I think the path towards understanding this begins a rather unlikely place – the laws of korbanot, sacrifices. The Talmud discusses a dilemma – what would happen if you have two sacrifices ready to be brought, and one of them is obviously holier because of the particular rules that govern it, and the other sacrifice is more common, more frequently done. Which of these sacrifices has precedence, the infrequent but holier one or the more frequent less holy one? Although the answer to this question has some complexity to it, for practical purposes, the way we experience the answer is that we give precedence to something that is more frequent. Why in the world would that be? What is the message to us in that? The Talmud is hinting that we believe that things change, they become more important, through more frequent action. The more times you give the more generous you become. The more times you make the effort to pray with intention, the more devout you become. It’s not the big flash in the pan, special moment that changes us into who we can be, it’s the day in day out decisions that accumulate over time that change us. Frequency is more important that objective holiness.

The Torah sets up this choice of Life vs Death not to tell us that we only have to make this choice once, but to tell us that this is the choice we are making each time. We are always moving along one way or the other on this continuum.

Working with teens for so many years but formally and informally it occurs to me that there is another insight here. It is undoubtedly true that the frequency with which we choose something has the greatest impact in forming who we become, but it is not the only thing that impacts us. Besides the Power of Every Time there is also The Power of One Time. It happens that in a particular moment, for whatever reason, we achieve something that ordinarily we are not capable of. Sometimes with teens it has been as simple as a Sunday morning, getting to minyan on time and being totally “in it.” Or times when a teen stretches themselves to help a peer who is not as popular, at the risk of their own social capital. (That might seem mundane, but in the life of a teen it can be truly altruistic, beyond what many adults are capable of.) For adults it might be a time we sat down for Torah study and found that we were in that moment of flow, were time has no meaning and only ideas and insights matter, and the world fell away. Or it might be that time when we managed the exigencies of the day with simcha, unstressed and calm, and with the sense that Hashem was with us. Those moments also define us. They show us the best of what we are capable of and they set a goal for us to work towards during the hard, uninspired moments of growth. Those moments of inspiration are also hinted to in the admonition “choose life.”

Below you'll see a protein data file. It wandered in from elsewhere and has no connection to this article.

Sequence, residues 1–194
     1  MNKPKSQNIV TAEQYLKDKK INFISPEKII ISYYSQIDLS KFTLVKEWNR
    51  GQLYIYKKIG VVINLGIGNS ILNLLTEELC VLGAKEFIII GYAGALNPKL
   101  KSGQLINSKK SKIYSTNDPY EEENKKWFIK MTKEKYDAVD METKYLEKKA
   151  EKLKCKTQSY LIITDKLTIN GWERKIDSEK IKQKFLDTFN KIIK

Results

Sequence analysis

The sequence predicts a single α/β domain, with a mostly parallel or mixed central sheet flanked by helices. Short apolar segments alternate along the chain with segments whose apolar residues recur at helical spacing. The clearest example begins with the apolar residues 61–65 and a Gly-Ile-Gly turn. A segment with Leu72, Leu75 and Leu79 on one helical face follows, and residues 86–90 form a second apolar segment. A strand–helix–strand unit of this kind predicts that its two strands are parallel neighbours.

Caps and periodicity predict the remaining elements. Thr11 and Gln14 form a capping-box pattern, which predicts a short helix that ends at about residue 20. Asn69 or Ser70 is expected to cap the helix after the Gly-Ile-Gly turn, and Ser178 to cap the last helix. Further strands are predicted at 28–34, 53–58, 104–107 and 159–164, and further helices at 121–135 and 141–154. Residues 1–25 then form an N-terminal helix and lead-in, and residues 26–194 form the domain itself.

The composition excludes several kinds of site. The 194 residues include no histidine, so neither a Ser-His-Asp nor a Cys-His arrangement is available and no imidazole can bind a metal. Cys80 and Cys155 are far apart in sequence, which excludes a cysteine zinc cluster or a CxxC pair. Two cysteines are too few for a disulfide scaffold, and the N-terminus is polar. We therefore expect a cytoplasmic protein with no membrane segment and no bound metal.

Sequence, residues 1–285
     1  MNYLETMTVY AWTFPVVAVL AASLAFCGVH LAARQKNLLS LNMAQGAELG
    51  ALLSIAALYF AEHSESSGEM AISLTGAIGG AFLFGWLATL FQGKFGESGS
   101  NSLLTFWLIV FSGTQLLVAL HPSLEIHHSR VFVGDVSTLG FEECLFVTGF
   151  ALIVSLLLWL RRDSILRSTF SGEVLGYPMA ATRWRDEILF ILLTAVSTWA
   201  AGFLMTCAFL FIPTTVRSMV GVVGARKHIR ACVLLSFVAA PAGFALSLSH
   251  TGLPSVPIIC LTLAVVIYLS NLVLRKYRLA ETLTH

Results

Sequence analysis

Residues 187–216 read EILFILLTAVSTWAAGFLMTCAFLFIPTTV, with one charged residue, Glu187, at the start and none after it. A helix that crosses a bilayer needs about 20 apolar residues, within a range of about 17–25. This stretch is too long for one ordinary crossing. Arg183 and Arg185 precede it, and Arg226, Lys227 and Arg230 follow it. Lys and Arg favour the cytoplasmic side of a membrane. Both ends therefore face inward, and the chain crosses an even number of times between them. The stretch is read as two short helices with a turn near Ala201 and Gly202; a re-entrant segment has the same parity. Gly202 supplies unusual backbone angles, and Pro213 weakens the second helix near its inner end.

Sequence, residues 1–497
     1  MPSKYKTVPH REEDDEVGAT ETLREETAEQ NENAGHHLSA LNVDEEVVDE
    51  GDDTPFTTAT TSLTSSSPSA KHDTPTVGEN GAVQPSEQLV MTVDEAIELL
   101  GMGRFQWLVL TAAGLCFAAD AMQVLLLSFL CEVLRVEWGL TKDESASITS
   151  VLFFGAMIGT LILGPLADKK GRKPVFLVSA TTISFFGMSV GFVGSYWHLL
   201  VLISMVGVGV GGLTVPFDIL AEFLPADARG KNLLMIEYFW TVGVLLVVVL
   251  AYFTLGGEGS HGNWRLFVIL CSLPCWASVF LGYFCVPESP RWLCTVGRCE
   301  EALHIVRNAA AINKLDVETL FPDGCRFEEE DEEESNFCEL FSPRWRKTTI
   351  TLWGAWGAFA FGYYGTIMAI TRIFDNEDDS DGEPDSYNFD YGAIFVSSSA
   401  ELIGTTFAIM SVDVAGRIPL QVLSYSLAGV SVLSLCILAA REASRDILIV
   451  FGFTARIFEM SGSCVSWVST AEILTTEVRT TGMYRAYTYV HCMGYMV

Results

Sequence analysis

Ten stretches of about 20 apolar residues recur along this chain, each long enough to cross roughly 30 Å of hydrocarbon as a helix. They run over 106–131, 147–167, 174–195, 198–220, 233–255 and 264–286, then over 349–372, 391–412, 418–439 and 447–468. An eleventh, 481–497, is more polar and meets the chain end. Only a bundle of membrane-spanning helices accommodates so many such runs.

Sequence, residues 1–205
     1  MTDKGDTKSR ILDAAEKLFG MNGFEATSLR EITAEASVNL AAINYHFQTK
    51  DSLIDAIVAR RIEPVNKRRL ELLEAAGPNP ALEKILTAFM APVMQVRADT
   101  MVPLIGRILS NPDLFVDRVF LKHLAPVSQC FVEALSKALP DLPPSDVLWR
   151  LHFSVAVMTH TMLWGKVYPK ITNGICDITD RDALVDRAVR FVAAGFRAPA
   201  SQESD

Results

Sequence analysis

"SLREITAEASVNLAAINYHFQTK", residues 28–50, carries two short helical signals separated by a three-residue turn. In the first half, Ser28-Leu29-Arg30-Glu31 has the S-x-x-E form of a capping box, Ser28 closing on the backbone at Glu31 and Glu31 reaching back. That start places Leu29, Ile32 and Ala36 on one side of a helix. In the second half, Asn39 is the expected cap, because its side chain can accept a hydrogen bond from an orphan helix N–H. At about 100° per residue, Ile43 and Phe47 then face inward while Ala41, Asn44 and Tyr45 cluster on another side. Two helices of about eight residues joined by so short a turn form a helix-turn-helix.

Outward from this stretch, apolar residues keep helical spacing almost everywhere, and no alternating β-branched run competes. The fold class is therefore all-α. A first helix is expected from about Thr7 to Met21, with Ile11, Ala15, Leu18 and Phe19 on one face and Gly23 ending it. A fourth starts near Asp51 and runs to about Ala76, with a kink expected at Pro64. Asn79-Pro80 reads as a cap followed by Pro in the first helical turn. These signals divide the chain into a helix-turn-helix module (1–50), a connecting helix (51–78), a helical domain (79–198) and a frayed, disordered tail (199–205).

All decisions, even good ones, have consequences. The choices we make day in and day out fill our lives with opportunities to add holiness to the world. Because we can never truly know the far reaching outcome of any single choice, we can at least know that there are no mundane decisions. Each dilemma is a chance to move ourselves and the world on this continuum of Life and Good vs. Death and Evil. Invoking both the Power of Every Time and the Power of One Time we have a chance to go into Rosh Hashana armed to reach our fullest potential. In this last Torah reading before the new year we are shown that we have choices to make, and in return, the choices will make us.

About the Author
Rabbi Mordechai Soskil has been teaching Torah for more than 20 years. Currently he is the Director of Judaic Studies at Beth Tfiloh Dahan Community School. He is also the author of a highly regarded book on faith and hashkafa titled "Questions Obnoxious Jewish Teenagers Ask." He and his wife Allison have 6 children. And a blessedly expanding herd of grandchildren.